In 2010, US whites had a much higher rate of death due to suicides (14.1 per 100,000) than US blacks (5.1 per 100,000) [1], [2]. The rate of death due to accidents was also higher among whites (42.8 per 100,000) than among blacks (28.7 per 100,000). Conversely, blacks had a much higher death rate due to homicide (18.6 per 100,000) than whites (3.2 per 100,000) [1]. Earlier studies have identified factors aside from race associated with deaths due to suicide, homicide, or accidents, with suicide being studied most but with few studies examining risk factors for all the categories of external causes in one study cohort. Reported or proposed risk factors for external causes include male sex [3], [4], low socioeconomic status (SES) [3], [5], [6], alcohol use [4], [6][8], tobacco use [7], [9][15], marital status [3], [16], short stature (for homicide) [5], [6], and depression (primarily for suicide) [9], [17], [18]. Racial differences have persisted after adjustment for these factors in the US [19], and it has been suggested that risk factors for suicide among whites, for example, alcohol consumption, may not be a risk factor among blacks [8], [20]. Religiosity has also been suggested to reduce suicide risk among blacks in the US, but the evidence has been inconsistent [4], [16], [21].

The Southern Community Cohort Study (SCCS) is comprised of primarily low-income black and white adults enrolled throughout the Southeastern US. This cohort presents a unique opportunity to examine race- and SES-specific associations between commonly observed risk factors for external causes of death in a population of socioeconomically similar black and white adults. Potential risk factors will be evaluated for the major categories of external cause of death, with information about risk factors obtained at the time of enrollment into the cohort.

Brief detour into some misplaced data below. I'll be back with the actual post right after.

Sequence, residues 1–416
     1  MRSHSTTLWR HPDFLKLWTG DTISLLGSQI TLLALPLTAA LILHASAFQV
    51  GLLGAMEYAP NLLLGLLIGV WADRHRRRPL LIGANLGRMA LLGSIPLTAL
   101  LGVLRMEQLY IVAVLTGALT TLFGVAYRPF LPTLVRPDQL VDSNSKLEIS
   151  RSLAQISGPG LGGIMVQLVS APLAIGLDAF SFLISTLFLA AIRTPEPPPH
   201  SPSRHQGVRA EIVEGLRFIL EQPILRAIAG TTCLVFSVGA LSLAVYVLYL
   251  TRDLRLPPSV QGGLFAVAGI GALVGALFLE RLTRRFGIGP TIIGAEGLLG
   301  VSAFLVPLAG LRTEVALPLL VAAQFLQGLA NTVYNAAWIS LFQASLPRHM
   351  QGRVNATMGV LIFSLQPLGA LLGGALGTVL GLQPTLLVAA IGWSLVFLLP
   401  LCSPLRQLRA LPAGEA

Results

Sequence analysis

Materials and Methods

The SCCS is a prospective cohort study of approximately 85,000 primarily black and white adults designed to study cancer and other health outcomes in underserved populations in the Southeastern US. From 2002–2009, participants 40–79 years of age were enrolled in-person at one of 71 community health centers (CHCs; 85%) or by randomized general population mailings (GP; 15%) from the following 12 Southeastern states: Alabama; Arkansas; Florida; Georgia; Kentucky; Louisiana; Mississippi; North Carolina; South Carolina; Tennessee; Virginia; and West Virginia. Participants completed a questionnaire at enrollment which gathered information on demographic, lifestyle, personal and family medical history, and other factors [22], [23].

SCCS participants are actively followed through administration of follow-up questionnaires, and passively followed through linkages with state and national registers. All-cause and cause-specific mortality in the SCCS is ascertained through linkage with the National Death Index, currently available through 2011 (http://www.cdc.gov/nchs/ndi.htm). Alive status is ascertained through contact with the participants and linkage with the Social Security Administration's Service for Epidemiologic Research (http://www.ssa.gov/policy/about/epidemiology.html).

To address possible geographic differences in rates of death due to external causes, directly standardized rates of death (2000 US population standard) for the population age 40 years and older were calculated for the 12 SCCS states and the 38 remaining states for the years 2002 through 2010. The age-adjusted rates and corresponding standard errors were calculated using version 8.1.2 of SEER*Stat [24]. The ratio of the death rate in the SCCS states to the death rate in the non-SCCS states was calculated by race and sex for categories of external cause of death, and the approximate 95% confidence interval (CI) for each rate ratio was calculated by transforming the confidence interval for the logarithm of the rate ratio (Panel A of Table 1).